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Gibbons


  • URI(s)

  • Instance Of

  • Scheme Membership(s)

  • Collection Membership(s)

  • Variants

    • Hylobatidae
    • Hylobatids
    • Lesser apes
    • Small apes
  • Broader Terms

  • Narrower Terms

  • Closely Matching Concepts from Other Schemes

  • Sources

    • found: Mammal species of the world, via Smithsonian National Museum of Natural History website, Jan. 7, 2014(Family Hylobatidae, Superfamily Hominoidea, Infraorder Simiiformes, Suborder Haplorrhini, Order Primates. Includes genera Bunopithecus, Hylobates, Nomascus, Symphalangus. Species listed under Family Hylobatidae: Bunopithecus hoolock, Hoolock Gibbon; Hylobates agilis, Agile Gibbon; Hylobates albibarbis, Bornean White-bearded Gibbon; Hylobates klossii, Kloss's Gibbon; Hylobates lar, Lar Gibbon; Hylobates moloch, Silvery Javan Gibbon; Hylobates muelleri, Müller's Bornean Gibbon; Hylobates pileatus, Pileated Gibbon; Nomascus concolor, Black Crested Gibbon; Nomascus gabriellae, Red-cheeked Gibbon; Nomascus hainanus, Hainan Gibbon; Nomascus leucogenys, Northern White-cheeked Gibbon; Nomascus siki, Southern White-cheeked Gibbon; Symphalangus syndactylus, Siamang)
    • found: Wikipedia, Jan. 7, 2014:Gibbon (Gibbons are apes in the family Hylobatidae. The family historically contained one genus, but now is split into four genera. Gibbons occur in tropical and subtropical rainforests from northeast India to Indonesia and north to southern China, including the islands of Sumatra, Borneo, and Java. Also called the lesser apes, gibbons differ from great apes (chimpanzees, gorillas, orangutans, bonobos and humans) in being smaller, exhibiting low sexual dimorphism, in not making nests, and in certain anatomical details in which they superficially more closely resemble monkeys than great apes do. But like all apes, gibbons evolved to become tailless. Gibbon species include the siamang, the white-handed or lar gibbon, and the hoolock gibbons.) Ape (Apes are Old World anthropoid mammals, more specifically a clade of tailless catarrhine primates, belonging to the biological superfamily Hominoidea. Hominoidea contains two families of living (extant) species: Hylobatidae consists of four genera and sixteen species of gibbon, including the lar gibbon and the siamang. They are commonly referred to as lesser apes. Hominidae consists of orangutans, gorillas, chimpanzees, bonobos and humans. Alternatively, the hominidae family are collectively described as the great apes.)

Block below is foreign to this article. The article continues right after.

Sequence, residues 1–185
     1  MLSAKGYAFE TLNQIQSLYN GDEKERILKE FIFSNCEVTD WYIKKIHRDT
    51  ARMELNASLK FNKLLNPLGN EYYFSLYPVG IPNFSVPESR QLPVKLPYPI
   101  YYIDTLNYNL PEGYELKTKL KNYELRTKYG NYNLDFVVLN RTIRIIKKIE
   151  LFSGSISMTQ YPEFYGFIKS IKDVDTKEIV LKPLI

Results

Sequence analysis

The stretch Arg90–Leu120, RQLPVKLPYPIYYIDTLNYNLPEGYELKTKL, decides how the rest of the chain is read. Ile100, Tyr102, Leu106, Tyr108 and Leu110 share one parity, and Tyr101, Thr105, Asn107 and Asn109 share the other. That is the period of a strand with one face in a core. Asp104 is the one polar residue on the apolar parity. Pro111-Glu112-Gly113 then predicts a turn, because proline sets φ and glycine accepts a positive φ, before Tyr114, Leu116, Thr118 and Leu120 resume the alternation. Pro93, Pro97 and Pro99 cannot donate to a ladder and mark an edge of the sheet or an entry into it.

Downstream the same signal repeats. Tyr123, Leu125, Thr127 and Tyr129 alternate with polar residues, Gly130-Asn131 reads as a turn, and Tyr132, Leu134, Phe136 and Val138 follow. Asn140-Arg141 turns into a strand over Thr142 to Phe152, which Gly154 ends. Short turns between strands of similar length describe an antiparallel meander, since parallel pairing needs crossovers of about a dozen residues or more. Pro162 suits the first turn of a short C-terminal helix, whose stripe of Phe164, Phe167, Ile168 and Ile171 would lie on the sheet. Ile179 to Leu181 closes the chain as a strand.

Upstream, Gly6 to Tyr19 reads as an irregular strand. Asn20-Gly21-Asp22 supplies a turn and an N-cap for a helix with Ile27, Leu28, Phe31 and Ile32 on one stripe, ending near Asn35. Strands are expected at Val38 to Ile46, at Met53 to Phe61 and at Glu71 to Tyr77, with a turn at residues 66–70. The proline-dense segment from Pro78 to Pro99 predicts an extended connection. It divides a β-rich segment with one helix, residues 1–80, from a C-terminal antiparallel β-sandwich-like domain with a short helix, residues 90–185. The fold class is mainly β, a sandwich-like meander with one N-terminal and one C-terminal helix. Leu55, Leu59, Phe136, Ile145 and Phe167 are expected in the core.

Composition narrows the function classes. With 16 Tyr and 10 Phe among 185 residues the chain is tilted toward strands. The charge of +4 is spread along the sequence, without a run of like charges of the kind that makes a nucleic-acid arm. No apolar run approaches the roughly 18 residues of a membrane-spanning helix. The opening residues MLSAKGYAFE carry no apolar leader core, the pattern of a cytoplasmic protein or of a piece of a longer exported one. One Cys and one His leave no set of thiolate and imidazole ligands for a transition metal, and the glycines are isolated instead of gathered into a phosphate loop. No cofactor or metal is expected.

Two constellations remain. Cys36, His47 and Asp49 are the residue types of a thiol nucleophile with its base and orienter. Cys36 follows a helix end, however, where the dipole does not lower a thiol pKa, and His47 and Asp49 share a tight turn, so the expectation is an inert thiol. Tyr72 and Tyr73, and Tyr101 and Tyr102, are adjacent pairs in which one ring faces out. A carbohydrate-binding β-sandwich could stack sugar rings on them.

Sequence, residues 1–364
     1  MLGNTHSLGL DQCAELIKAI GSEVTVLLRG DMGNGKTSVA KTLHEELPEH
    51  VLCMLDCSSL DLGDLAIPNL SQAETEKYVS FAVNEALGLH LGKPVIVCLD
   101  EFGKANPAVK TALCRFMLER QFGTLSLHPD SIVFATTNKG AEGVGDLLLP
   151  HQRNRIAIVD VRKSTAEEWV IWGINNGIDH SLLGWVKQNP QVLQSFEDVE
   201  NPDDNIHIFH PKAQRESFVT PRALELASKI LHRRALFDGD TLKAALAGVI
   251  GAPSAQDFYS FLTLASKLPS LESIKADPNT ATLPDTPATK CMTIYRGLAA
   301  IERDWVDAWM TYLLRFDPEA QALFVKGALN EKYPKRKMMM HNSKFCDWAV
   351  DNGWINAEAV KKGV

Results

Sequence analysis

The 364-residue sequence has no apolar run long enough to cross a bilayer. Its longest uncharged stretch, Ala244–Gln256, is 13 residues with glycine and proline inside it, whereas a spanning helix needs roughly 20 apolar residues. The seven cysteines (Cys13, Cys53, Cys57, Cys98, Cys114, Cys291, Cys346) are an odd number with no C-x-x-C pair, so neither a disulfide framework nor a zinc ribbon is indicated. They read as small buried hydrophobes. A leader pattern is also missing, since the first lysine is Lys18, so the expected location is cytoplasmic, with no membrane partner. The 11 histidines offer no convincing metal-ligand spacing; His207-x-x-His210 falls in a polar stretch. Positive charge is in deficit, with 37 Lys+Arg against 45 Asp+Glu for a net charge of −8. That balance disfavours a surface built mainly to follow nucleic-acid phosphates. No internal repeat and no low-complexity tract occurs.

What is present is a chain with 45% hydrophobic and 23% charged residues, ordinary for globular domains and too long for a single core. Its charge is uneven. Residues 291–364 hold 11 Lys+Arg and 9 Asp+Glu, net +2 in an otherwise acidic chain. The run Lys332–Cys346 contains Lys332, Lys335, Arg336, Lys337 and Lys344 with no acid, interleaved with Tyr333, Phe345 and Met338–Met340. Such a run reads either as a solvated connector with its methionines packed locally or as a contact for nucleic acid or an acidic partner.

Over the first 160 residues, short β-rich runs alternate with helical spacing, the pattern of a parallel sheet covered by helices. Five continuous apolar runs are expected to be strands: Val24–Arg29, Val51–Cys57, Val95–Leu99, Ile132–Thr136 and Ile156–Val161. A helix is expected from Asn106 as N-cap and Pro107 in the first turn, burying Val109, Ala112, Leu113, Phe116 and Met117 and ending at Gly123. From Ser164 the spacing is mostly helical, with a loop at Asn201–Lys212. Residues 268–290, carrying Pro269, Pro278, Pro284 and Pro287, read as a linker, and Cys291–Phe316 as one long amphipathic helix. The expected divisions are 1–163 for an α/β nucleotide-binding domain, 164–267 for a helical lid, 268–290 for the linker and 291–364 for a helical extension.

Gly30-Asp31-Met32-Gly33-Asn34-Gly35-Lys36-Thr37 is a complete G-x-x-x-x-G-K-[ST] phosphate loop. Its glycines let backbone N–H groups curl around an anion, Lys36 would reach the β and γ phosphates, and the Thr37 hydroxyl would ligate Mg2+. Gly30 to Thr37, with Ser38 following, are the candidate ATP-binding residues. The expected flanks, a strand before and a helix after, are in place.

• found: Animal diversity web, Jan. 7, 2014(Hylobatidae (gibbons and lesser apes); hylobatids; gibbons and siamangs)
    • found: ITIS, Jan. 7, 2014(Family Hylobatidae, Order Primates)
    • found: Van, N.T. Phylogeny of gibbons (family Hylobatidae) with focus on crested gibbons (genus Nomascus), 2010:p. 3 (Gibbons or small apes, family Hylobatidae, inhabit tropical and subtropical rainforests of Southeast Asia and adjacent regions. Together with great apes and humans, they belong to the primate superfamily Hominoidea.)
  • LC Classification

    • QL737.P943
  • Change Notes

    • 1986-02-11: new
    • 2014-03-29: revised
  • Alternate Formats

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